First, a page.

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File notings under RTI after debate with section of society: Wajahat Habibullah
Chief Information Commissioner Wajahat Habibullah said if the government decides to bring the bill to keep file notings outside the purview of the Right To Information (RTI) Act in the winter session, it will only be after debate with all sections of the society.
"The civil society and the government are the decision makers on the Act. The Central Information Commission job is only to implement the Act, ' Habibullah said speaking at an interactive session on Right to Information Amendment Bill, 2006 organised by the NGO CUTS International.
He said that all government departments have been directed to make a comprehensive compliance report of Section 4 of the Act dealing with maintaining data and information catalogue of information related to the department and submit it to CIC. The report will be submitted to the Parliament in the forthcoming winter session.
Arvind Kejriwal, CEO of Parivartan and 2006 Magsaysay Award winner, said that the amendments do not pertain to file notings only as has been projected in the media. "If the amendments come through, the government will be able to keep the entire country out of the decision-making process. This is because the amendments provide that the departments will not give information on any issue till such time the matter is completed," Kejriwal said.
Another important lacuna, he said, was that even after the decision was made, the entire information would not be provided and only file notings related to social and development work will be available. "So, if a citizen wants to know the status of his ration card or passport he would not get any information because this did not pertain to any social or developmental work," Kejriwal said.
Also, all matters related to personnel will be out of the purview of RTI.
Any information related to examinations process will also not be shown, he said.
Pradeep S Mehta, secretary general of CUTS International, urged CIC to take up the role of advocacy given the extremely low public awareness on the usage of the act. [sourse: Business Standerd Aricle published dated 15th Sept 2006]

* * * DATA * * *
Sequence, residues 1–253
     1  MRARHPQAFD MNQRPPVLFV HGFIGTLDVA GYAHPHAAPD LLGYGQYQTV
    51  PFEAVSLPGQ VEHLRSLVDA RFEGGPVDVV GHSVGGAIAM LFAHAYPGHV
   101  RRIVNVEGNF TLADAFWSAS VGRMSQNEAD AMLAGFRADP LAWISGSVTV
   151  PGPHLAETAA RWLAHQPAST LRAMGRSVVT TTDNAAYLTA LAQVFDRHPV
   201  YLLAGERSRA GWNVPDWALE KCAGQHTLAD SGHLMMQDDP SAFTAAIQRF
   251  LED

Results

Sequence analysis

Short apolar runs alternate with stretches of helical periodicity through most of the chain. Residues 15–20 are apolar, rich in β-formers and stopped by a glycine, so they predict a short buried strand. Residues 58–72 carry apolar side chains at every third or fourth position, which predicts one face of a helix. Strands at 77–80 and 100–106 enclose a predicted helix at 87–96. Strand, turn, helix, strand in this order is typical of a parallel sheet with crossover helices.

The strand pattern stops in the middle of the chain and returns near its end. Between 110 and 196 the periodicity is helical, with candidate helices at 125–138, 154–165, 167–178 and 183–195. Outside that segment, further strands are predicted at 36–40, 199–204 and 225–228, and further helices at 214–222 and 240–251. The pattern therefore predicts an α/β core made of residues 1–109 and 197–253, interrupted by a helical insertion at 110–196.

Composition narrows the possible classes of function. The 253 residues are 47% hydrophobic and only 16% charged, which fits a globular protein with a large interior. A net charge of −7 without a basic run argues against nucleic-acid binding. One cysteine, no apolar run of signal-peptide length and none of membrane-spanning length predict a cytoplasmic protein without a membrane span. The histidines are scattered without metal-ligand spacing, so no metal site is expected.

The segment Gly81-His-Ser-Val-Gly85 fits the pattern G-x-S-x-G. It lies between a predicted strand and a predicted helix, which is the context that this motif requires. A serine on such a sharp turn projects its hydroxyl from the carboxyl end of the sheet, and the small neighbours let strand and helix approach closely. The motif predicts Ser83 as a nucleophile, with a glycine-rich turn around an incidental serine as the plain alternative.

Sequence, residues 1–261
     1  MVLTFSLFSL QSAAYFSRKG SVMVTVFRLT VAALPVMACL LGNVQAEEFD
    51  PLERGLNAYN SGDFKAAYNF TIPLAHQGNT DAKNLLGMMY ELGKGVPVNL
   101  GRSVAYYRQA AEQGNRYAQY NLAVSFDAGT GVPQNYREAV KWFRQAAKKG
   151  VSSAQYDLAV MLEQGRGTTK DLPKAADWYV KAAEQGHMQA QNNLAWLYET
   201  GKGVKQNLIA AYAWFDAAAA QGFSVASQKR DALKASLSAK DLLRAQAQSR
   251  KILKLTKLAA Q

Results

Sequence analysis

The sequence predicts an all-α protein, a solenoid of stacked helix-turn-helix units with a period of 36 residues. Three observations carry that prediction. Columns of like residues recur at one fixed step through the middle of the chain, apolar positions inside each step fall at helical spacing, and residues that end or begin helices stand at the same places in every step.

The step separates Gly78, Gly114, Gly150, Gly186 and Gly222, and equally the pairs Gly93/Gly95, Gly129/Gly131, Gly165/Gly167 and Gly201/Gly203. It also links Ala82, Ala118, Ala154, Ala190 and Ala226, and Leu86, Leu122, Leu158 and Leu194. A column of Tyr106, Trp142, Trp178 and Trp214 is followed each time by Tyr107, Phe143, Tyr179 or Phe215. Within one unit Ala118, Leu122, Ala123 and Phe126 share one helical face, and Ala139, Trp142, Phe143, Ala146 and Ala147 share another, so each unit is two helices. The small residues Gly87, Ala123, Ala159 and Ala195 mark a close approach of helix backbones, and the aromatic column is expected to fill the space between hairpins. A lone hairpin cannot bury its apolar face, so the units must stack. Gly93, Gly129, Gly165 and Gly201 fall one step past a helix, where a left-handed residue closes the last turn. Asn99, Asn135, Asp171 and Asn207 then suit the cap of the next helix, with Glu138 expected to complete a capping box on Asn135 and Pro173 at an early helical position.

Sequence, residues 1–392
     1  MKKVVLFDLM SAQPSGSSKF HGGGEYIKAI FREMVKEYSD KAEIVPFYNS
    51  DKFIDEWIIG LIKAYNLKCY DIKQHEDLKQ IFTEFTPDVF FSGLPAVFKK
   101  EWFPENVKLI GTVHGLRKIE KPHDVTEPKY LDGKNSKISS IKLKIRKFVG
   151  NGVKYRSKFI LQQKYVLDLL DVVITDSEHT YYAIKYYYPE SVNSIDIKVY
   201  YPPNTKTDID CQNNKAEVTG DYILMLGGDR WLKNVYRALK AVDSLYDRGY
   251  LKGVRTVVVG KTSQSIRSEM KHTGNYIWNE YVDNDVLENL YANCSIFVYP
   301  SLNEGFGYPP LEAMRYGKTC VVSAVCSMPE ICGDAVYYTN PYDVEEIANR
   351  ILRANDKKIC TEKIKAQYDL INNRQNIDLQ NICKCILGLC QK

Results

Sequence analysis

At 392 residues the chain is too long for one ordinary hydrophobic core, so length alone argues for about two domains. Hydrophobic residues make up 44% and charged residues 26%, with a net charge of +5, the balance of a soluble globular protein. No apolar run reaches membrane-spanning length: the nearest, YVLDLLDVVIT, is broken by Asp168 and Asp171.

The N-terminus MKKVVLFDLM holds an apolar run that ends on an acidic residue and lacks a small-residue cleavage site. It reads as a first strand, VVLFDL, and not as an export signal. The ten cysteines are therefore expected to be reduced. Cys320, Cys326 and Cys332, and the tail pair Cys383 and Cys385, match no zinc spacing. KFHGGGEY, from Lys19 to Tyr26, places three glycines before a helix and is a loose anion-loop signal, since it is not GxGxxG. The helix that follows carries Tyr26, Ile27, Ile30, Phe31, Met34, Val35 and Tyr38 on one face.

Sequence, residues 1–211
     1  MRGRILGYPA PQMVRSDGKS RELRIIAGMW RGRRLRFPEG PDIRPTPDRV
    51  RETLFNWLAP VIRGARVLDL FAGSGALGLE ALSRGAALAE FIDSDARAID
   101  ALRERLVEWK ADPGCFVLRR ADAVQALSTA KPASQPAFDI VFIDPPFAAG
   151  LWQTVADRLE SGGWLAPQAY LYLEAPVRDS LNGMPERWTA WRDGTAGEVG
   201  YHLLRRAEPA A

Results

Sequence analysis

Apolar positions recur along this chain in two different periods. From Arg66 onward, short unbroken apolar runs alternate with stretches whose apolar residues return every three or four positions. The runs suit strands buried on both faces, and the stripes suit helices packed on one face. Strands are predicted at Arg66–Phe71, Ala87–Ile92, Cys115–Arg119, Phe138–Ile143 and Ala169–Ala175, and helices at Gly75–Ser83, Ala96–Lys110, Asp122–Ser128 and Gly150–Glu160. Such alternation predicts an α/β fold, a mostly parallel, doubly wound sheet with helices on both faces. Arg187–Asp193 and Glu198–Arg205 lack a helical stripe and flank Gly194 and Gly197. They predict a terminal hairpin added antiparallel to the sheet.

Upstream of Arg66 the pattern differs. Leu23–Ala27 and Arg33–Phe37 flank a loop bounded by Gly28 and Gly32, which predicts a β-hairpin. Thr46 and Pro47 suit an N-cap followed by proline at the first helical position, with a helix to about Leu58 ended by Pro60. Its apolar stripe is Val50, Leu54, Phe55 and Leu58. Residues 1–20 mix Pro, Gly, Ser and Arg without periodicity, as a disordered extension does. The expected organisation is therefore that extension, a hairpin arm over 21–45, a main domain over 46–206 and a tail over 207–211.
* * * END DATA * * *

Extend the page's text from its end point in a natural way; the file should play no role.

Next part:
Kolkata, April 2 (PTI): The full bench of the Central Information Commission will decide whether documents consulted by enquiry panels probing the mysterious disappearance of Netaji Subhas Chandra Bose should be disclosed, Information Commissioner A N Tiwari has said.
Tiwari conveyed this recently to Mission Netaji, a Delhi-based organisation campaigning to access information on the disappearance of the icon of the freedom movement, while hearing its appeal in this regard.
Giving a "final chance" to the Union home ministry to come clear on the issue, Tiwari asked it to provide an adequate explanation from the ministerial level on why documents sought by Mission Netaji could not be made public.
All documents on the basis of which the two inquiry panels led by Shah Nawaz Khan (1956) and G D Khosla (1970-74) made their decisions have been kept secret by the government.
Tiwari's directive came close on the heels of Information Commissioner O P Kejriwal directing the external affairs ministry to provide Mission Netaji's Anuj Dhar copies of its correspondence with the Sovet Union and later Russia on Netaji's disappearance.
"If adequate explanations are not provided, the Commission will be compelled to direct the disclosure of all documents in question," Kejriwal said.
Last year, Home Minister Shivraj Patil announced in Parliament that investigations conducted by Khan and Khosla were more credible than that of Justice M K Mukherjee who headed another panel that probed Netaji's disappearance.
Following Patil's announcement, Mission Netaji's Sayantan Dasgupta filed a petition with the home ministry to seek copies of all documents examined by the Khan and Khosla panels.
"Our case has been that these enquiries made selective use of evidence to arrive at the conclusion to suit the government's view that Netaji died in Taipei," Dasgupta claimed.
In response, the home ministry refused to provide documents, taking recourse to secion 8 1(a) of the RTI Act, which exempts the release of information information which can "prejudicially affect sovereignty and integrity of India", "relations with a foreign state" or "lead to incitement of offence".
Dasgupta then filed a complaint with the CIC. In its first hearing in October last year, home ministry officials said they were not aware of the documents examined by the earlier panels as they, unlike the Mukherjee Commission, had not appended any list of exhibits.
Tiwari then directed Dasgupta to revise the original application to demand specific documents. Accordingly, Mission Netaji filed a revised petition with a list of 202 documents used as exhibits by the Khosla Commission in its arguments section.
At the latest hearing last week, home ministry officials were to appear with the papers but instead came with a secret note from Home Secretary V K Duggal, who has since retired.
Irked at the letter that reiterated the same arguments using Section 8 1(a), Tiwari said: "The issue is far too important to be decided in an ad hoc manner at the level of the home secretary. I am not prepared to allow an omnibus recourse to Section 8 1(a)."
The CIC assured the appellant that Indians had every right to have full information on their hero.
The Hindu News Update Service